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Weekly Roberts Report

30 September 2009

Michael T. Roberts
Extension Agriculture Economist,
Dairy and Commodity Marketing,
NC State University

US - Agricultural US Commodity Market Report by Mike Roberts, Commodity Marketing Agent, Virginia Tech.

LIVE CATTLE futures on the Chicago Mercantile Exchange (CME) were up on Monday. The OCT’09LC contract closed up $0.050/cwt at $86.100/cwt; $0.850/cwt higher than this time last week. DEC’09LC futures closed at $85.770/cwt; up $0.425/cwt and $1.220/cwt higher than last report. There are reports of heavy cattle coming off feedlots resulting in some discounts. Futures volume was light because of the Yom Kippur holiday. Futures never had a chance following weakness in cash beef markets. Beef retail prices were up as USDA early Monday put the choice beef cutout at $138.80/cwt; up $0.25/cwt but $2.770/cwt lower than last report. Cash cattle did trade steady with USDA putting the 5-area average at $83.54/cwt; $0.21/cwt lower than last week at this time. According to HedgersEdge.com, average packer margins were lowered $15.30 to a negative $4.30/head based on the average buy of $83.63/cwt vs. the average breakeven of $83.30/cwt. Continue to sell cattle when ready as it doesn’t pay to take them to heavier weights.

FEEDER CATTLE at the CME were off on Monday. The OCT’09FC contract closed at $96.450/cwt; down $0.150/cwt and $0.275/cwt lower than a week ago. NOV’09FC futures closed at $96.550/cwt; off $0.175/cwt and $0.15/cwt lower than last Monday. Trading volume was very thin amid scattered selling and a general lack of buying interest. Cash feeders in Oklahoma City were $1-$3/cwt lower last week. The CME feeder cattle index for 9/24 was placed at $96.87/cwt, down $0.12/cwt and $1.29/cwt lower than a week ago.

CORN futures on the Chicago Board of Trade (CBOT) finished off on Monday. DEC’09 corn futures finished at $3.86/bu; up 4.75¢/bu and up 22.75¢/bu from last report. The MAY’09 contract closed at $3.602; up 4.75¢/bu. Trading continued sideways in a choppy pattern. Support came from gains in crude oil and wet weather delaying frost. Exports were neutral to bearish as USDA placed corn-inspected-for-export at 29.6 mi bu vs. 40.9 mi bu last week vs. 41.8 this time last year (-29 per cent of last year). The market seems to have factored in any frost scares. Funds bought over 4,000 contracts while large speculators trimmed 6,400 lots to 3,400 contracts. Cash corn bids were steady to weak in the US with those in the US Mid-Atlantic states coming in at 4.0¢/bu – 6.0¢/bu higher in many places. Several floor sources said they expect the corn market to plunge after Wednesday’s grain stocks report. Get up to 70 per cent of the ’09 crop sold if you haven’t already.

SOYBEAN futures on the Chicago Board of Trade (CBOT) closed down on Monday. The NOV’09 contract closed at $9.194/bu; off 6.5¢/bu but 6.0¢/bu over last report. NOV’09 soybean futures closed at $8.936/bu; 12.75¢/bu lower than last Friday. Preliminary numbers from early harvesting are indicating very good yields. This combined with waning frost worries weighed on prices. Traders also expect USDA’s Wednesday grain report to show a slight decrease in use numbers. Prices remain in a consolidative range, trading sideways, with a bearish technical analysis bias. USDA confirmed a sale of 225,000 tonnes (8.3 mi bu) of US soybeans to China for later delivery. USDA reported soybeans-inspected-for-export at 7.427 mi bu. Cash soybean bids in the US Midwest were steady to firm while those in the US Mid-Atlantic states ranged 6.0¢/bu -14.0¢/bu lower. In long liquidation large speculators turned net bear for the week ended 9/22 by 846 lots decreasing bull positions by 9,790 contracts. Additionally, funds sold 2,000 lots. If you haven’t priced your crop it probably will pay to wait until harvest or store. The small carry does not justify any more sales at this time.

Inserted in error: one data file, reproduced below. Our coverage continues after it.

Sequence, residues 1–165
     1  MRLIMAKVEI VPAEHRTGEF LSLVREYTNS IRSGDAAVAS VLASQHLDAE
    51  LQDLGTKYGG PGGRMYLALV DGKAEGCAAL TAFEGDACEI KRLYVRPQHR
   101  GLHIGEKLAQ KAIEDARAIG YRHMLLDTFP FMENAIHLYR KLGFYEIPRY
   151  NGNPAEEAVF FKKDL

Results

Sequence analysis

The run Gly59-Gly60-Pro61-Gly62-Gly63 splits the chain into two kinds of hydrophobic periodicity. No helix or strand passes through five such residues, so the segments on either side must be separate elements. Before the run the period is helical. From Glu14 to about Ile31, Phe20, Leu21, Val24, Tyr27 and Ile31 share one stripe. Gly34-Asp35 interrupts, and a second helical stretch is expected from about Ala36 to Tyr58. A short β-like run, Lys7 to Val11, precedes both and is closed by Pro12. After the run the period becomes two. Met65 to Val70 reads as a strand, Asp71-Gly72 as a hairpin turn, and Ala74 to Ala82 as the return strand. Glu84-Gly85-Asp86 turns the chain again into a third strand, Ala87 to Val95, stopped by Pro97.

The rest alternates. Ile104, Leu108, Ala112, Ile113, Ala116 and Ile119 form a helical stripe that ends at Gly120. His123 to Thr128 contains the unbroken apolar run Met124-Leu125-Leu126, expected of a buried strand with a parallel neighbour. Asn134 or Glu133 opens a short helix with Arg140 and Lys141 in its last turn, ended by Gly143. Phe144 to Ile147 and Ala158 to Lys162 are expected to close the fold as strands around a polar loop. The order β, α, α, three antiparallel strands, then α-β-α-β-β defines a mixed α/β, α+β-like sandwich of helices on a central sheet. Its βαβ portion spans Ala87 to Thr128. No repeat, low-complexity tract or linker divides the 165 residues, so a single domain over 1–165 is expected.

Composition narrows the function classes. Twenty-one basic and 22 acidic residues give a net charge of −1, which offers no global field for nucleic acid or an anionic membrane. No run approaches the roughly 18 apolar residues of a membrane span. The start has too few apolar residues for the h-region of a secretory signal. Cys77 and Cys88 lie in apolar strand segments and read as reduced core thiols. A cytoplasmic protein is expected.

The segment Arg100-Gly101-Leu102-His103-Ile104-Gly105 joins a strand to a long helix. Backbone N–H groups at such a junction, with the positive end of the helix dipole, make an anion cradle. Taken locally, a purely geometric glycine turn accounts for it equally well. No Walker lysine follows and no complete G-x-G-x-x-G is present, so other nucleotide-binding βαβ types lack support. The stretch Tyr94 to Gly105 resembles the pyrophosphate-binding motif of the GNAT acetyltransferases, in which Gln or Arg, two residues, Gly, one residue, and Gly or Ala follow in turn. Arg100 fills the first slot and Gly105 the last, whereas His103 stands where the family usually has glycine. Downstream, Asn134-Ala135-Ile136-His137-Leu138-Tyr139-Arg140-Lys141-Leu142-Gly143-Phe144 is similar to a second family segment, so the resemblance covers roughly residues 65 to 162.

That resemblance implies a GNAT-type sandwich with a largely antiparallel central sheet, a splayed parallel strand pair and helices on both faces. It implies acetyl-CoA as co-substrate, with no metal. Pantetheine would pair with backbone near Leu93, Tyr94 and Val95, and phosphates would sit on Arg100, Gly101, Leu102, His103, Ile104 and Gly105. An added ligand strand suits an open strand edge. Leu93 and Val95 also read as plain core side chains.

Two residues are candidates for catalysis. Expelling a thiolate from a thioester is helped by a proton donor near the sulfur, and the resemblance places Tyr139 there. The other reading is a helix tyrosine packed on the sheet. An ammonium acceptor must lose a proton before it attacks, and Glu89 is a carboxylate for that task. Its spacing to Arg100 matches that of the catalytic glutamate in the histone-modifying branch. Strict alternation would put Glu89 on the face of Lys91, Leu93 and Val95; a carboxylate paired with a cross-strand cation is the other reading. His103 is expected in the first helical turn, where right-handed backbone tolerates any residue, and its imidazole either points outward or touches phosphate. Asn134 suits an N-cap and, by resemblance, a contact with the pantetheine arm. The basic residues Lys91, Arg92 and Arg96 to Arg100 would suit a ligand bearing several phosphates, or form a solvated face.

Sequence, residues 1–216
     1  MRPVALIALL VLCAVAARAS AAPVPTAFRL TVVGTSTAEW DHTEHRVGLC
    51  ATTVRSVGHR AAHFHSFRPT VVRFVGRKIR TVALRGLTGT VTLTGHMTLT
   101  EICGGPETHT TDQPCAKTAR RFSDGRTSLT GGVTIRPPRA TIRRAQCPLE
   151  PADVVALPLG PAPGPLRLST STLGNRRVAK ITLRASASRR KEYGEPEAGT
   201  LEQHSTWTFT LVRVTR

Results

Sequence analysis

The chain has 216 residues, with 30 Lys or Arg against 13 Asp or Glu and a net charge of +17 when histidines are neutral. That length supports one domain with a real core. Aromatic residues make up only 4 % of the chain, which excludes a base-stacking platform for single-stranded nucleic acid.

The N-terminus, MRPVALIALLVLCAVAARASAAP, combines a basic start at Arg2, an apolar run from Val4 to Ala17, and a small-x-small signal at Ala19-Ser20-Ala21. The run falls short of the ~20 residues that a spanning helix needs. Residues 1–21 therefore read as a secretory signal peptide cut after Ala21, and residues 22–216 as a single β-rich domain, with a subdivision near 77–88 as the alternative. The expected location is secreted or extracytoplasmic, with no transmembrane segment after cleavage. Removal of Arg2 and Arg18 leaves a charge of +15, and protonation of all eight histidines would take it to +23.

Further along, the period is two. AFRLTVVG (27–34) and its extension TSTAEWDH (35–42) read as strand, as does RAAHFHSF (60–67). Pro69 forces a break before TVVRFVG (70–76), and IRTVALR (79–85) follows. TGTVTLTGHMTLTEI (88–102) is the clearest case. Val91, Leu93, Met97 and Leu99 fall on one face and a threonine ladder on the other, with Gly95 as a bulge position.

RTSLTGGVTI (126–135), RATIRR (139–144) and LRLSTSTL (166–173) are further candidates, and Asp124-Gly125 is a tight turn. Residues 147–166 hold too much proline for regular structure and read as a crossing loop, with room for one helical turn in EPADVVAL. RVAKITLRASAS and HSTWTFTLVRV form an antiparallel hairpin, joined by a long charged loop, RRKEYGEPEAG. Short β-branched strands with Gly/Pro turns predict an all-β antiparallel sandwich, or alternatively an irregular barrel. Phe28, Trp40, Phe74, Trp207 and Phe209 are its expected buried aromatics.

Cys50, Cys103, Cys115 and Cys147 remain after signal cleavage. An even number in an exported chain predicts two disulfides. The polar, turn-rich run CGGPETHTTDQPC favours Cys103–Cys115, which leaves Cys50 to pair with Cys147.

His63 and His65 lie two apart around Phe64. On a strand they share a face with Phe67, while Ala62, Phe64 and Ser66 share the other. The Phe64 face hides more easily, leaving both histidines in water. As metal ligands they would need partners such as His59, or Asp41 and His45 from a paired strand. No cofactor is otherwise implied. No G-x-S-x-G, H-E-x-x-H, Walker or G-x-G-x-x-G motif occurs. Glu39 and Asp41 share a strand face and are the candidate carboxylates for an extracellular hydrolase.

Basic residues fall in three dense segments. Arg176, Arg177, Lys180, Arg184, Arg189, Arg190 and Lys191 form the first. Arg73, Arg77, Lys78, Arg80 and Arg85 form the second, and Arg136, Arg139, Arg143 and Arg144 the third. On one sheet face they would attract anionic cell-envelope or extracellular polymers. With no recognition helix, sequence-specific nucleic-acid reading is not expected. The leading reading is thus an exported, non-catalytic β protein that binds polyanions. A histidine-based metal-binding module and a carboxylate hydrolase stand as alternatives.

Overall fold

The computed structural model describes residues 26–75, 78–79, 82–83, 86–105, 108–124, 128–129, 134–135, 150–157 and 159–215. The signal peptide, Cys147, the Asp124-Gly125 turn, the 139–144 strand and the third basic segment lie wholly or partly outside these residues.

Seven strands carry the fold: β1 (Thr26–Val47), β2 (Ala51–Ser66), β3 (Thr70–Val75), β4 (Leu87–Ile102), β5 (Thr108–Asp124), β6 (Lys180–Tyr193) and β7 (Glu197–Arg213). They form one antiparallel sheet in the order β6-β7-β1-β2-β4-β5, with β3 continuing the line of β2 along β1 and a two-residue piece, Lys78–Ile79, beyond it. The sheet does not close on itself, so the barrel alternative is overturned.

WHEAT futures in Chicago (CBOT) were up on Monday. DEC’09 futures closed at $4.556/bu; up 6.0¢/bu. The JULY’10 wheat contract closed at $5.052/bu; up 4.5¢/bu and 5.75+¢/bu cents higher than last Monday. Floor sources said things were ripe for a rebound from oversold conditions even though fundamentals did not support it. Also pressuring the market are expectations that USDA will raise its forecast for the ’09 US wheat crop by as much as 10 mi bu. This comes amid good wheat growing weather in Argentina. USDA placed wheat-inspected-for-export at 24 mi bu vs. expectations for between 18-23 mi bu. Egypt tendered for 55,000 – 60,000 tonnes (2.0-2.2 mi bu) of any-origin wheat while Iraq issued a tender for 100,000 tonnes (3.67 mi bu) of any-origin wheat. USDA said that the US spring wheat crop is 94 per cent harvested vs. the 5-year average of 98 per cent. Funds bought about 3,000 lots while large speculators cut net bear positions by almost 1,500 lots to 63,500 contracts. It might be a good idea to get up to 60 per cent of the ’10 crop priced at this time.

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